“Salaam, Haji Sahib.” Inspector Hashim, a man no less rotund than the fish dealer, though more definitively so in his tight uniform, reached out with a crooked smile. “Put away your money. There is nothing I can do. The city commissioner is coming and he is bringing a scientist. They think this may be a very rare fish. Stop selling tickets and cover it up, I beg you.”
“I bought it,” Haji Sahib protested, spitting betel nut juice on the ground a little too close to the Inspector’s feet for his liking. “It is mine. I can do what I want with it. One-two more days show – for education – and then, chop, chop…meat, fins, oil are going to Sri Lanka. The deal is already made.”
“I don’t know anything about Sri Lanka. You talk to the commissioner when he comes, Haji Sahib. Until then, my orders are to disperse the crowd.”
Two young policemen were already pushing people away from the main attraction, although no one moved without protest. And when the policemen confronted another segment of the mass, those just ushered away shuffled right back to where they had stood. A couple of boys were still jumping on the creature, even as the cops waved their batons and screamed at them. No sooner were they shooed off than another couple scaled the carcass, using it as a trampoline, as their parents snapped pictures on their mobile phones. So it was that I caught my first glimpse of the monster. I recognized it at once from a documentary on satellite TV. It was a whale shark. And it was at least forty feet long, as the fishermen had earlier suggested. No doubt it weighed many tons, too.
“Please, Haji Sahib,” Inspector Hashim pleaded. “Have your man cover it up.”
“Alright, alright. Because we are friends.” An irked Haji Sahib instructed his ticket seller to bring a tarp, sufficiently stridently for the Inspector to hear. But I was close enough to him to catch the wily fish dealer whisper that the man should take his time and someone else should be sent to continue selling tickets out of sight of the police. And even when a gigantic green tarp did appear to be draped over the unfortunate beast, it only remained as long as the police were looking on. The moment their backs were turned, it was yanked off to the cheers of the throng. The policemen, meanwhile, were not so easily duped, returning time and again to order the tarp back, seeing it done, only for the whole exercise to be repeated when they attempted to walk away. As tickets had never stopped being sold, the gathering also kept growing, particularly as school was now out, and a greater and greater collective moan rose every time they were denied their money’s worth.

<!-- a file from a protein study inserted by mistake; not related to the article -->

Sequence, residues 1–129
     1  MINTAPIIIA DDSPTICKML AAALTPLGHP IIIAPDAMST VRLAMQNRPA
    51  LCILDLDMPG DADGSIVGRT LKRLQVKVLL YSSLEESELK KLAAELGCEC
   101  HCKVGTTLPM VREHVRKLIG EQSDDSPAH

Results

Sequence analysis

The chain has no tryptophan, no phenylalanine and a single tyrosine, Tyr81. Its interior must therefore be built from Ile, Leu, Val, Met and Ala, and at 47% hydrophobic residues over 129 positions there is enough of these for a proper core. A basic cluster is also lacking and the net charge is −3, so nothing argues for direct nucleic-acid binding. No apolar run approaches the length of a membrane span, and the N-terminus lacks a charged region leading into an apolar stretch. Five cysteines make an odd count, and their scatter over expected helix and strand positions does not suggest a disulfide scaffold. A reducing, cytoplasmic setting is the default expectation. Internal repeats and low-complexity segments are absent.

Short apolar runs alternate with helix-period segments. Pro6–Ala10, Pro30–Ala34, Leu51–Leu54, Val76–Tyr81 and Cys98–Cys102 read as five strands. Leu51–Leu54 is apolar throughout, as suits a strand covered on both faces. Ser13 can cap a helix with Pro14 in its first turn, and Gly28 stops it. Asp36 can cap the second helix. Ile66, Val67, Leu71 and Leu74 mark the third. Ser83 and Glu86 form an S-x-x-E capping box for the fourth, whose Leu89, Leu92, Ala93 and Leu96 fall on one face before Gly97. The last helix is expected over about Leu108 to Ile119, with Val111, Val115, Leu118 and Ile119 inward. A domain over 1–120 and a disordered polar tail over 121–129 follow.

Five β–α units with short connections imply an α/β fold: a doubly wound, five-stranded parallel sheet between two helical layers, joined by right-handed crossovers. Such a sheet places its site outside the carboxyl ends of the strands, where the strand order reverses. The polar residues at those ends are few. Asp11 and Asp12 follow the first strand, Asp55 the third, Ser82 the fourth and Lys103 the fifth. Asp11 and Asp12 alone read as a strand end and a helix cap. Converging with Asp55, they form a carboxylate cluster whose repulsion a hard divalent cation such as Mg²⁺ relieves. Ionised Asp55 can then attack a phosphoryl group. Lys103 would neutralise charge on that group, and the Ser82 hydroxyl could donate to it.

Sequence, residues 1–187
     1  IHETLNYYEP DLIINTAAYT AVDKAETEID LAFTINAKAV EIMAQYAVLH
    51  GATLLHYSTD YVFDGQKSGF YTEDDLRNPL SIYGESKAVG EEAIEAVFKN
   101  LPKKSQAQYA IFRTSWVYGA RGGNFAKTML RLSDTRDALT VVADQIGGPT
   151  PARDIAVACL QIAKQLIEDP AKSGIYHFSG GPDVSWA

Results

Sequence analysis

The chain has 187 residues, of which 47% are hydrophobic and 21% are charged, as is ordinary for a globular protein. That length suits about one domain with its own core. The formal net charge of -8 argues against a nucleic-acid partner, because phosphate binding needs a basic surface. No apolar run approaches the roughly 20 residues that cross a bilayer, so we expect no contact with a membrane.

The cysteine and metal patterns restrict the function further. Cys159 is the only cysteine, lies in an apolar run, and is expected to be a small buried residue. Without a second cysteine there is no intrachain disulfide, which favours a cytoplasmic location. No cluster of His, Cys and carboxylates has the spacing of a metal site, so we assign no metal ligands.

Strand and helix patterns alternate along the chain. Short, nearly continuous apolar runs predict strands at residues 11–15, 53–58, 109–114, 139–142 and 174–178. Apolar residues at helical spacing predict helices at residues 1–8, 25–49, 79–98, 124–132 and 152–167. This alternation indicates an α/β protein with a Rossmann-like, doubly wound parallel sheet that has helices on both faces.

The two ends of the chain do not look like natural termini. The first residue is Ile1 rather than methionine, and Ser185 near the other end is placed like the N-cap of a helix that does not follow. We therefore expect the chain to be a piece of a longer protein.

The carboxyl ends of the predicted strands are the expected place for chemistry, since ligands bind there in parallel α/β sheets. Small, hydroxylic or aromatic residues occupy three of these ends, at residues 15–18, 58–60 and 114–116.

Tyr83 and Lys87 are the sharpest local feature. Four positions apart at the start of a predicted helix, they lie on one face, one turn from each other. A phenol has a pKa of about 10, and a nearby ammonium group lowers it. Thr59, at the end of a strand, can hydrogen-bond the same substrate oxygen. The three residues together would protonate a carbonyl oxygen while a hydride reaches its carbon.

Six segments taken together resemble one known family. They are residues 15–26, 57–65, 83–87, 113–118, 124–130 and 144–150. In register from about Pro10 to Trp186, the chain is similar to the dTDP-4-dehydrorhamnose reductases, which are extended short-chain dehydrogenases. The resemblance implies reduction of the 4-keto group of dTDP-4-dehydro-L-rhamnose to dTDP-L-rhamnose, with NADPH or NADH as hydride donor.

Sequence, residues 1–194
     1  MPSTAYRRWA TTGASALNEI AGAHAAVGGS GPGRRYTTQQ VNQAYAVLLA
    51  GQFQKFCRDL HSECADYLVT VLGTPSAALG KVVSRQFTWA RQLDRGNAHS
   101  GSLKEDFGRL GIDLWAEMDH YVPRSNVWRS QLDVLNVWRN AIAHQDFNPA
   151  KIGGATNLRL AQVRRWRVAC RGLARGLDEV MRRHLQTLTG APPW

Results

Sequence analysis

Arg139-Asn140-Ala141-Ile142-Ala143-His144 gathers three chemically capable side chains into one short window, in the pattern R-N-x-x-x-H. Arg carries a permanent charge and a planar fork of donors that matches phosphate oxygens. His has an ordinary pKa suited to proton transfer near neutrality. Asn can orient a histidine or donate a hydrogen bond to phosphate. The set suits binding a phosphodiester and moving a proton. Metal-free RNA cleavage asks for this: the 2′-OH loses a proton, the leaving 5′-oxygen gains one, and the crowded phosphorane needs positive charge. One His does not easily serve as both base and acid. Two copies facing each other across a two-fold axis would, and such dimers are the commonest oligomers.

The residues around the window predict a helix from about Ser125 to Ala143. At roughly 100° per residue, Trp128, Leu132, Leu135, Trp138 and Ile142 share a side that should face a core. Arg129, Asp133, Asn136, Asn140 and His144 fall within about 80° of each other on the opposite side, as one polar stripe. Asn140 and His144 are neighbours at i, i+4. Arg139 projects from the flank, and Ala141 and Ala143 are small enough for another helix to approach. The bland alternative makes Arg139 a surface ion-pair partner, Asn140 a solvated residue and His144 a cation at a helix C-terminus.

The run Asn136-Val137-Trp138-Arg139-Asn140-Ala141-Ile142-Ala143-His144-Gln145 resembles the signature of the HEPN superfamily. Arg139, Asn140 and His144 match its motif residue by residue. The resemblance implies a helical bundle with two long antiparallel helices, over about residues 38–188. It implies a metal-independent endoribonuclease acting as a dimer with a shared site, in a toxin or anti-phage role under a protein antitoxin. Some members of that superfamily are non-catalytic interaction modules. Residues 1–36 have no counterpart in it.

In the midst of this seemingly endless cycle of cheers and moans, I noticed an unexpected figure standing back from the crowd: the gora Haji Sahib had mentioned. “Bill, Bill!” I called out. He was an American journalist that I had encountered a number of times at the Press Club. Just the day before we had attended a briefing on a suicide bombing at a mosque — the reason he had flown into Karachi from Delhi. I didn’t expect to see him here, taking an interest in this kind of story, but here he was, a hulking policeman at his side for protection. I don’t think he recognized me on the dock, but he feigned a smile, pearly whites gleaming in the sun, as we shook hands.
“I couldn’t miss this,” he explained. “A break from you people killing each other. But now I wish I hadn’t come. These fisher folk really are barbarians,” he sneered. “Don’t they realize this is an endangered species?”
Before I could answer, his mobile rang and he stepped away to take the call. I thought I’d talk to some members of the crowd while Bill was occupied. Close by was a little girl holding her mother’s hand. “Did you see the fish?” I asked.
Because at that moment a hush fell over the crowd and as at least a dozen policemen surrounded them. They were soon revealed to be the city commissioner’s escort.
“No,” she cried. “I was really excited when Amma said she’ll bring me. But the big boys don’t let us get near. Still, I hear it’s enormous!”
“It is,” I confirmed. “It’s a whale shark, I think.”
“Shark! Thank Lord Shiva we couldn’t get close.”
“No need to worry,” I said. “It doesn’t even have any teeth. These are very gentle creatures.”
“Really? Can I take it home, then?”
Her mother smiled and, excusing herself, dragged her daughter off. So I decided to snap a couple of pictures and crack open my notebook to jot down a few impressions. This seemed to draw the attention of another man nearby, a dozen boys and girls huddled around him. He turned out to be a pastor from a church in Saddar. I had interviewed him, once. “Are you going to write about this?” he asked.
“I’m thinking about it.”
“You should,” he instructed. “The Bible talks of such creatures. Jonah spent days in the belly of such a fish. That’s why I brought the children — so they could behold the wonder of God’s creation.”
“It is truly a wonder,” I said, declining to point out that this was not a whale. Good thing, too. Because at that moment a hush fell over the crowd as at least a dozen policemen surrounded them. They were soon revealed to be the city commissioner’s escort.